I tried to assure the woman that this kind of thing happens all the time in dog runs or casual dog encounters. Not all dog automatically like each other. The superficial nick was not something that would require veterinary attention and in fact my own dogs have been victims of such scrapes in the past. The Shih Tzu was skipping around with tail wagging, having already forgotten about her rebuffed attempt at play with my older Tina.
Myself and the angry dog owner finally parted ways, but I left the park feeling somewhat drained and with the feeling that I could not again allow Tina to go up to other dogs. Yes, normally Tina is fine with other dogs, but for that one rare time she might not be, (for whatever reason) its not worth the aggravation.
Phone calls over the past few days have been likewise, mostly "aggravating."
They have ranged from the time-wasting, curiosity calls to the normal, perfection-seeking dog adoption calls. They want guarantees for how potentially adopted dogs travel on airplanes to how they will be with the neighbor's kids or dogs. As someone whose 13-year-old dog recently had a negative encounter with a dog in the park, I feel I cannot answer these questions with any kind of certainty. As for the woman asking how a dog might be under the seat of a plane, I told her that these days, airline passengers can't even stand the thought of sun light through the cabin, let alone the potential barking of a small dog.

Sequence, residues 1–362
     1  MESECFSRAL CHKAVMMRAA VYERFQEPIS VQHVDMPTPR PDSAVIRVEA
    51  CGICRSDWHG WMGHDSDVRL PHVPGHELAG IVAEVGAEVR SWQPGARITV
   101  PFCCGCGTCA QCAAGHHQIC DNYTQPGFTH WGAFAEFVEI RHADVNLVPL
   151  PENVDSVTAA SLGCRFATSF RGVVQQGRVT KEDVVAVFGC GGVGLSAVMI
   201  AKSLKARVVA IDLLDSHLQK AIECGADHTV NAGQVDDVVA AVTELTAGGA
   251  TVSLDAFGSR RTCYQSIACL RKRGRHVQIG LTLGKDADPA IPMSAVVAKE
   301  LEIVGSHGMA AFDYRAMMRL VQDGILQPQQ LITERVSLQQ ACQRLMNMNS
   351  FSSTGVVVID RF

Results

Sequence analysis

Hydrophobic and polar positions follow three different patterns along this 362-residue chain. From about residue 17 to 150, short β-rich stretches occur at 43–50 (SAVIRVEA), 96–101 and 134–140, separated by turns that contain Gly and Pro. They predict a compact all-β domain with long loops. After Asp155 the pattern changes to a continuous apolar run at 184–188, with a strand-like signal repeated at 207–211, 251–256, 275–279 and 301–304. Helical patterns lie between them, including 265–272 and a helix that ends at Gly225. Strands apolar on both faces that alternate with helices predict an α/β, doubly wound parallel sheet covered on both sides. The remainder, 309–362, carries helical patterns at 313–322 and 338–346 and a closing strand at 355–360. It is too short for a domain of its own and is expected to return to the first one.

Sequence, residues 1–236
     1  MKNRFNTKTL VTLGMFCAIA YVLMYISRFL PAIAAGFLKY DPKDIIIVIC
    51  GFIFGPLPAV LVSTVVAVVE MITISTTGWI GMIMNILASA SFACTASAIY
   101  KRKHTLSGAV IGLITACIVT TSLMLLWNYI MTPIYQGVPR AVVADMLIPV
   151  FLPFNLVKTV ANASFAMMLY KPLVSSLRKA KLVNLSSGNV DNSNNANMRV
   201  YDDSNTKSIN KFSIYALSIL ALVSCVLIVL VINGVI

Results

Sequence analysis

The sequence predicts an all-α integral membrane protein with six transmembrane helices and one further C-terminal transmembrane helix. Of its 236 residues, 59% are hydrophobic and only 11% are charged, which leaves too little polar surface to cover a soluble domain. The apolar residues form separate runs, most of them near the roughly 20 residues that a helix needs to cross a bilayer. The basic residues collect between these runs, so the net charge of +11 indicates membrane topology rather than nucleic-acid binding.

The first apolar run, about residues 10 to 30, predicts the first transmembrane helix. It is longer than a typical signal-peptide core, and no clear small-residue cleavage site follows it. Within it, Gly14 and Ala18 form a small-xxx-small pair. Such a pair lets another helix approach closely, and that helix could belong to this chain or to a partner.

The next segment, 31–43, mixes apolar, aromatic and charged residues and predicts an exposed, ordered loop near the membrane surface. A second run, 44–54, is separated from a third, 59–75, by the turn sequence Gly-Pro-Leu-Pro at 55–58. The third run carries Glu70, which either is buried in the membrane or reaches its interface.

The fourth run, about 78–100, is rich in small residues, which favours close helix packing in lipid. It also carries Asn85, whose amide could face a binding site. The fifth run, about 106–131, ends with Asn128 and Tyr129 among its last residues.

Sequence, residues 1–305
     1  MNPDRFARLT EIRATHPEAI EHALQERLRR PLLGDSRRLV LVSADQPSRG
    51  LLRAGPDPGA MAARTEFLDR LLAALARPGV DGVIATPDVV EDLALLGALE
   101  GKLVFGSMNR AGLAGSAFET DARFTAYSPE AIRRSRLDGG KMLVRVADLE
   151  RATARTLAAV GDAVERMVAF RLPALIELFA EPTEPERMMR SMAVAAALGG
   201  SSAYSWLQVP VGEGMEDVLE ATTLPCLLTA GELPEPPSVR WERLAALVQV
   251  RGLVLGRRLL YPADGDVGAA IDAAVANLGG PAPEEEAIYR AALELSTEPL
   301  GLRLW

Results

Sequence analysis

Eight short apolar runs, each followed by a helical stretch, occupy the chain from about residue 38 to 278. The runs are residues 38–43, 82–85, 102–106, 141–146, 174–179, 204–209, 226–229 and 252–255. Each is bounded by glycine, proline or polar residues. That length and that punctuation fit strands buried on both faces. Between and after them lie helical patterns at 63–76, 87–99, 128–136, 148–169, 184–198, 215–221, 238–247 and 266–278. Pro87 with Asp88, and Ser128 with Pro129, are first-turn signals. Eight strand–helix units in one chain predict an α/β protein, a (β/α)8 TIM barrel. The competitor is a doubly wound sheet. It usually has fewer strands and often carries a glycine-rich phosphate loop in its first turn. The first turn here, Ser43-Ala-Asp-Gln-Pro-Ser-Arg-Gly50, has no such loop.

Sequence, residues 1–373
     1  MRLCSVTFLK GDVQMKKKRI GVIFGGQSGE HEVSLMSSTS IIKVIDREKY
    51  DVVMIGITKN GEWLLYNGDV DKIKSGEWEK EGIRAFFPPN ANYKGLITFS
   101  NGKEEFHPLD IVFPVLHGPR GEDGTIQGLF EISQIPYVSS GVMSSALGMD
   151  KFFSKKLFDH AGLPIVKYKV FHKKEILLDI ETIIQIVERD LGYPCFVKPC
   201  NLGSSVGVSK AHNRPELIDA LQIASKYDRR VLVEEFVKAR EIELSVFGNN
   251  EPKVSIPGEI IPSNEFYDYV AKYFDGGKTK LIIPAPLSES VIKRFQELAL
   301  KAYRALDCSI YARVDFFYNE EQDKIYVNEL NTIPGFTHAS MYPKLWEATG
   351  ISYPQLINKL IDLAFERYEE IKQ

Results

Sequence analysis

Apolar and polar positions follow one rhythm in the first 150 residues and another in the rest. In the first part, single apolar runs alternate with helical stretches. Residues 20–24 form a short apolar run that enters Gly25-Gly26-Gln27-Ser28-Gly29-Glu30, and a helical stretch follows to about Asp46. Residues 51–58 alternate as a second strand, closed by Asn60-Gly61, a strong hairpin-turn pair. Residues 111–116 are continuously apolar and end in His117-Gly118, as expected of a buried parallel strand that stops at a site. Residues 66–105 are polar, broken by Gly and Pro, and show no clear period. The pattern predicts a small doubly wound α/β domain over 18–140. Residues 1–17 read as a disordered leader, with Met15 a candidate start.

This morning when brining my dogs back to my building after a walk, I was barely able to make it to my entrance way for the rush of oncoming pedestrian traffic. One guy rushing in a business suit gave me a dirty look when I stepped in front of him to get to the steps of my building.
"Welcome to New York City." I thought. You can't even get into your own building!
Yes, New York City has everything -- but those most dear to my heart.
My heart is still on the ground, far, far west -- not to know if it is ever coming back. -- PCA